Many people are frantically running from one hospital to another – looking for an empty ICU bed for their critically ill loved ones as the country sinks further into the second wave of Covid-19.
Covid-dedicated hospitals in the capital have quickly become a scene of desperation and worry.
On Thursday afternoon, ambulances at Shaheed Suhrawardy Medical College and Hospital were being parked at the entrance in short intervals to either receive or drop off a critical Covid patient needing an ICU bed.
Around 2 pm, a woman was in tears as she got on the back of an ambulance at the hospital. She was having to take her father elsewhere, who needed intensive treatment. She was turned away by the hospital on arrival because the hospital did not have any vacant ICU bed.
"Setting up an ICU bed is not an easy task. The hospital has so far installed seven exclusively for coronavirus patients," Dr Md Al Amin, the hospital's resident physician told The Business Standard.
"We are having to turn away 1 or 2 patients on average every day simply because we do not have an empty ICU bed."
Recently, Suhrawardy hospital dedicated all of its seven ICU beds to coronavirus patients, Dr Al Amin added. This means non-Covid patients requiring ICU treatment also have to go elsewhere.
Irin Parvin was at the hospital for her husband, a 54-year-old kidney dialysis patient who had been frequenting hospitals for his dialysis treatment.
On 5 April, the family went to Suhrawardy hospital when the Covid-19 test was recommended for the patient among other tests by the family's doctor in the Popular Diagnostic Centre. He tested negative the following day.
However, the patient's oxygen level dropped with time and a lung scan hinted at coronavirus infection.
On 8 April, the family decided to move the patient to a different hospital. "We are taking him to Dr Azmal Hospital," Parvin told TBS. "My husband needs to be admitted to the ICU," she said as she rushed to her car parked just a few feet away to keep some of their personal belongings, such as a stand fan, pillow, etc.
The family contacted Dr Azmal Hospital in Mirpur beforehand to see if they had any available ICU bed. The hospital has eight ICU and high dependency unit (HDU) beds in total - all were vacant at the time. The hospital is not a Covid-dedicated hospital.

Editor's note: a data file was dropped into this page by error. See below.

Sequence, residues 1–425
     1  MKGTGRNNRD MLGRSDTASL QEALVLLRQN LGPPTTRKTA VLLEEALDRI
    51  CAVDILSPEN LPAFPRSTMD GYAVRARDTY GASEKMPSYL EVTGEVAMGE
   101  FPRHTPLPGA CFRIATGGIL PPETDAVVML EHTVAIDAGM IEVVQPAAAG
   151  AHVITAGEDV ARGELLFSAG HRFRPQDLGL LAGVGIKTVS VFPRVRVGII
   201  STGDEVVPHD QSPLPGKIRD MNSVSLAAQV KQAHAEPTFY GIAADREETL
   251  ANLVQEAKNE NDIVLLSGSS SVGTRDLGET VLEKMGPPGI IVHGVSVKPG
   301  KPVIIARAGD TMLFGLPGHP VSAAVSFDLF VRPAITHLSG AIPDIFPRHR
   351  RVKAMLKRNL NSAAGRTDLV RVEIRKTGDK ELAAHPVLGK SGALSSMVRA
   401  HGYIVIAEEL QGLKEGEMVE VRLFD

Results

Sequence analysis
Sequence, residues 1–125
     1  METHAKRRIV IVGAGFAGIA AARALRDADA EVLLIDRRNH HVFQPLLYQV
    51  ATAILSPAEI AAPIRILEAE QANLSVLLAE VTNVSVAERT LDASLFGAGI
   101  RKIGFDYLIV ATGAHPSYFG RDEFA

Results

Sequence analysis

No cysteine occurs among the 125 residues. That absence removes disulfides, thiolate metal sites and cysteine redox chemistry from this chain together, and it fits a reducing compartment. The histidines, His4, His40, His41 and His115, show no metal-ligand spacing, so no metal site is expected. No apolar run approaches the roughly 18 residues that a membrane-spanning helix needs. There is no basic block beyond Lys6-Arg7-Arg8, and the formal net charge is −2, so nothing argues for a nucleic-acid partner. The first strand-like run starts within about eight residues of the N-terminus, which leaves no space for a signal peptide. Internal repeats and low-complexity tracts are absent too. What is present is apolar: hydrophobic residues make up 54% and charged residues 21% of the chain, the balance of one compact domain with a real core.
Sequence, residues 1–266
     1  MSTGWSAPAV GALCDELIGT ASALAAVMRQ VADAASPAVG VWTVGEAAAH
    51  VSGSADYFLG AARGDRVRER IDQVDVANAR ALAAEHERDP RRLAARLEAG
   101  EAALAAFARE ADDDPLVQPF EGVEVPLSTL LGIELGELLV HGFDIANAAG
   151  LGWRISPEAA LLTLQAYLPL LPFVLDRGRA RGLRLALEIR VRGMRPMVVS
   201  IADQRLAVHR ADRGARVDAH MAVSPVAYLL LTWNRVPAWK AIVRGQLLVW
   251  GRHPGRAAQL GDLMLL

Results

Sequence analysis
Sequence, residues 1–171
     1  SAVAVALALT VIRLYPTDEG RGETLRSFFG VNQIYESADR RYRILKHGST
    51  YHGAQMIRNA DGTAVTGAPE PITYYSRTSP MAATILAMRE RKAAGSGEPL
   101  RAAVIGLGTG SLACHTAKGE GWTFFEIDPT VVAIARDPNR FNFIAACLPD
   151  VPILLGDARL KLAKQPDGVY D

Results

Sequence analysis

"Although we are not sure if he has contracted the virus, we decided to bring my brother here [Dr Azmal Hospital in Mirpur] for ICU treatment," Mizanur Rahman told TBS. "My brother's health deteriorated significantly, and he now cannot breathe without oxygen support," he added.
Not only ICU beds, but Suhrawardy hospital also did not have a room for general coronavirus patients either in its red zone – a hospital wing dedicated to coronavirus treatment, according to the hospital's resident physician.
Kazi Obaidul Rahman was at Suhrawardy hospital's waiting room, with his 75-year-old father who tested positive on Wednesday night. Fortunately, Obaidul's father did not require ICU treatment at the time but their doctor advised to get him admitted for treatment.
Obaidul was told by the hospital that their general Covid-19 ward - dubbed as the red zone - is already at full capacity. He began to hurriedly dial contact numbers on his phone. "I am speaking with my friends and acquaintances, I hear there might be room for my father in Mugda hospital or City hospital," he added.
His voice quivered with the weight of uncertainty just like Irin Parvin's eyes spoke of the unseen weight.
"We have added 100 more general beds to our Covid-19 red zone ward since the first outbreak last year. We are currently at full capacity. Doubling our Covid-19 beds to 200 is still not cutting it," Dr Md Al Amin, the hospital's resident physician explained. "Our hands are tied," he added.
About 7km away, Farhad Sarkar was rushing from one building of the Dhaka Medical College Hospital (DMCH) to another with his mother on Thursday late afternoon. They needed an ICU bed for Farhad's 65-year-old maternal grandmother who tested positive for Covid-19 earlier in the week and her condition deteriorated over time.
The DMCH is one of several hospitals treating the majority of Covid patients in the city. However, it has 20 ICU beds, and all were occupied as of Thursday noon.
Farhad Sarkar and his mother were sent to the DMCH complex-3 ICU by hospital staff with a piece of yellow sheet. They were to give it to the hospital staff in charge of the complex-3 unit to be granted an ICU bed.
At first, they were turned away by the building guards, who said coronavirus patients were not treated here. The duo backtracked.
After a few minutes of whispered indecision, they went back in. On the verge of tears, the son led, the mother closely followed.
Upon reaching the complex 3 ICU unit, they were told to see a doctor in the next room. But there was no one there. The ICU nurses told them to look for the doctor in another ward.
The mother was in tears. It seemed as though they were on a wild goose chase.
After spending 20 minutes pacing up and down the ICU floor, making phone calls and even speaking to a hospital security personnel at the ICU floor entrance for some hope to secure an ICU bed, the duo took to the stairs to walk back to their ailing loved one in another building on the premises.
At the time, they had no clear answer as to what to do next.
Farhad Sarkar is not alone. There are scores of families in the capital who are looking for any way to secure an ICU bed for a family member. The recent uptick in critical Covid-19 cases has left Covid-dedicated hospitals in a struggle to accommodate ICU patients.
As of Friday noon, of 600 ICU beds across the country, 155 are currently vacant, according to the health directorate.
And, out of 305 beds in 19 covid-dedicated government and private hospitals in Dhaka, only 17 ICU beds are vacant in total. In the case of government hospitals, the number is only 3.